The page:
Head of Primary
Protecting your daughter’s digital reputation
A poor digital reputation can affect friendships, relationships and even though it seems a long way off for our girls, job prospects. So it is crucial that our students are aware of what picture they are painting of themselves online to protect their digital reputation.
The legal minimum age to open an account on Facebook, Twitter, Instagram, Pinterest, Tumblr, Kik, and Snapchat is 13. Research conducted by the Office of the eSafety Commissioner reports that the top five social media services used by children aged between 8-12 years are YouTube (80%), FaceBook (26%), Snapchat (26%), Instagram (24%) and Google (23%). Girls within this age group are most likely to use Instagram and Snapchat. These statistics are alarming.
In the Primary School we took part in a virtual classroom webinar conducted by the Office of the Children’s eSafety Commissioner. During the session the girls were able to think about strategies for keeping themselves safe online, understanding their rights as a child for safety, respect and privacy as well as being able to identify behaviours online from adults or older students which are inappropriate or unsafe and to know where to find support when they are being cyberbullied or receiving unwanted contact.
The girls thoroughly enjoyed participating in the webinar by answering questions together as a class online and sharing ideas with other schools around Australia. The Primary School is looking forward to further webinar’s conducted by the e-Safety Commission.
This week, Senior Constable Paterson, the Youth Liaison Officer from Hornsby Police Station and father of Emily in Year 6, came to talk to the Primary girls about Cyber Safety. His presentation covered topics such as how young people are using technology to have fun online, online grooming, cyber-bullying, inappropriate content and e-security.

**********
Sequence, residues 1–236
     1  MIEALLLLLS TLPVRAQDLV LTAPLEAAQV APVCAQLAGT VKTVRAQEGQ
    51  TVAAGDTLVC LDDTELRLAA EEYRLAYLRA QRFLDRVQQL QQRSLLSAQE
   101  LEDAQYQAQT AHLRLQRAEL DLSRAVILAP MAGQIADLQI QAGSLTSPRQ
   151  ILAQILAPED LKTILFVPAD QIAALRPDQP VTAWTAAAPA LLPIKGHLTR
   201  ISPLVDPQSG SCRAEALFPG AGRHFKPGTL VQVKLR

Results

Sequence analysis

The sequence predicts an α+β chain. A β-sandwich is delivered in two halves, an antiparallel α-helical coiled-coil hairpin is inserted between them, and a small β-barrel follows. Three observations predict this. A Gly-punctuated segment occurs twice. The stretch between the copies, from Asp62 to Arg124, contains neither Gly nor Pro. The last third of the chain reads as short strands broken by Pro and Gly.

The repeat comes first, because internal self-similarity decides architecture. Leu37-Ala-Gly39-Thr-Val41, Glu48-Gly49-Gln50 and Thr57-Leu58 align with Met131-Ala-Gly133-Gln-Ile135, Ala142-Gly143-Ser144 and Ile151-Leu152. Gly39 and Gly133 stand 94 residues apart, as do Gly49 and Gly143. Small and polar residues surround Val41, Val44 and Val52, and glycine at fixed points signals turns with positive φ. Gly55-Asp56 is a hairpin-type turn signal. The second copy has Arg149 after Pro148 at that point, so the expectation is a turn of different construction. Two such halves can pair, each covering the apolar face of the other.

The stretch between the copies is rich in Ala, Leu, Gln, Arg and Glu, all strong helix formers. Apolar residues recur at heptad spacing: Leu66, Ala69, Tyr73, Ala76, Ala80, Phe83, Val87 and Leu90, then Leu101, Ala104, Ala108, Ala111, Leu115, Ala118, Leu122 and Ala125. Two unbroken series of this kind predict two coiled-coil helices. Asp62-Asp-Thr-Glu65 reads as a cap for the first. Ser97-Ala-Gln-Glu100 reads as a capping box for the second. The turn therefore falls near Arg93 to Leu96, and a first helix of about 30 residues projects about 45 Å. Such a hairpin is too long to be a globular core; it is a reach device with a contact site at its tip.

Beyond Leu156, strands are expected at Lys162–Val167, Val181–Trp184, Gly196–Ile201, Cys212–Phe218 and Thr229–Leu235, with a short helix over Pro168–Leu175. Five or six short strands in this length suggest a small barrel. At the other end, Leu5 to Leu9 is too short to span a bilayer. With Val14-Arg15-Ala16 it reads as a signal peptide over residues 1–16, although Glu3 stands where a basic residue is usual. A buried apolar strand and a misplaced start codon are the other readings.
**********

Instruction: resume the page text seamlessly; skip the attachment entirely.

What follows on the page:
Here are his top 10 tips for staying safe on the internet:
- Use a strong password, a combination of upper and lower case letters, numbers and symbols, eg P@$$w0rd! and change it regularly.
- Avoid opening or clicking links in emails from people you do not know and aren’t expecting – they could contain a virus or malicious software.
- Don’t give out personal information over the internet or on mobile phones about you, your family and friends.
- Only accept friend requests from people you know and trust.
- Make sure your social media accounts are set to private or friends only. Check privacy settings regularly as they can change.
- Be aware of how to block, report and delete users on all your accounts and apps.
- If an image or post is something you would not be comfortable sharing with your parents or grandparents, reconsider, the internet never forgets.
- Be careful who you trust online. Making new friends can be fun, but there’s a chance that they may not be who they say they are.
- Never say nasty or untrue things about others.
As a community we educate the girls about the risks and challenges of using technology but we shouldn’t lose sight of the enormous positives of the online world and the great benefits it can provide. It’s an exciting time to be growing up, with so much potential to create, connect and communicate. Helping our girls to stay safe and become good digital citizens is key to making sure they get the best out of the online world.
Mrs Maryanne Dwyer